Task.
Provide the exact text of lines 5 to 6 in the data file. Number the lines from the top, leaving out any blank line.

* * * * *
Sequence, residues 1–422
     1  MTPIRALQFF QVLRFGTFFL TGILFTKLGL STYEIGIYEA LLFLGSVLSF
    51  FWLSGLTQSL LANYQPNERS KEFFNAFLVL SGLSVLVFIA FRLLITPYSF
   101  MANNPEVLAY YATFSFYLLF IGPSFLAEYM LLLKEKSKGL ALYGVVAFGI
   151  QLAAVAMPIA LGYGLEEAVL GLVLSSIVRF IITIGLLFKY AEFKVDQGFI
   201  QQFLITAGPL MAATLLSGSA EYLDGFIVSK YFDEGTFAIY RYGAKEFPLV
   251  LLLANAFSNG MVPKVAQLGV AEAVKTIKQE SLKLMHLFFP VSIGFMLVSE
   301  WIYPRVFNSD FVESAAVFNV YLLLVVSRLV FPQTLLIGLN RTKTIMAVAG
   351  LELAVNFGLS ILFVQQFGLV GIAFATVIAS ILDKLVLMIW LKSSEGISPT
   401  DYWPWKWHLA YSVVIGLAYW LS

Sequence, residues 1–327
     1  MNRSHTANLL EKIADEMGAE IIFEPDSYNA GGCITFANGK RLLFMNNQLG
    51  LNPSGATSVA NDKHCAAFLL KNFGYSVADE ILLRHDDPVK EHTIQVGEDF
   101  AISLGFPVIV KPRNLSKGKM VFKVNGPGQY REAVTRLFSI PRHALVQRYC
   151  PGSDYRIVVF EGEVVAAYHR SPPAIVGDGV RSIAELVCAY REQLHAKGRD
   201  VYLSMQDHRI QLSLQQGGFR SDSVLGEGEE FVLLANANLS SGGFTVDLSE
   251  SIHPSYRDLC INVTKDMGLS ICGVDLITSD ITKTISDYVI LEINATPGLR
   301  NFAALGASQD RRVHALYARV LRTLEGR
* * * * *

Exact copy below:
   151  QLAAVAMPIA LGYGLEEAVL GLVLSSIVRF IITIGLLFKY AEFKVDQGFI
   201  QQFLITAGPL MAATLLSGSA EYLDGFIVSK YFDEGTFAIY RYGAKEFPLV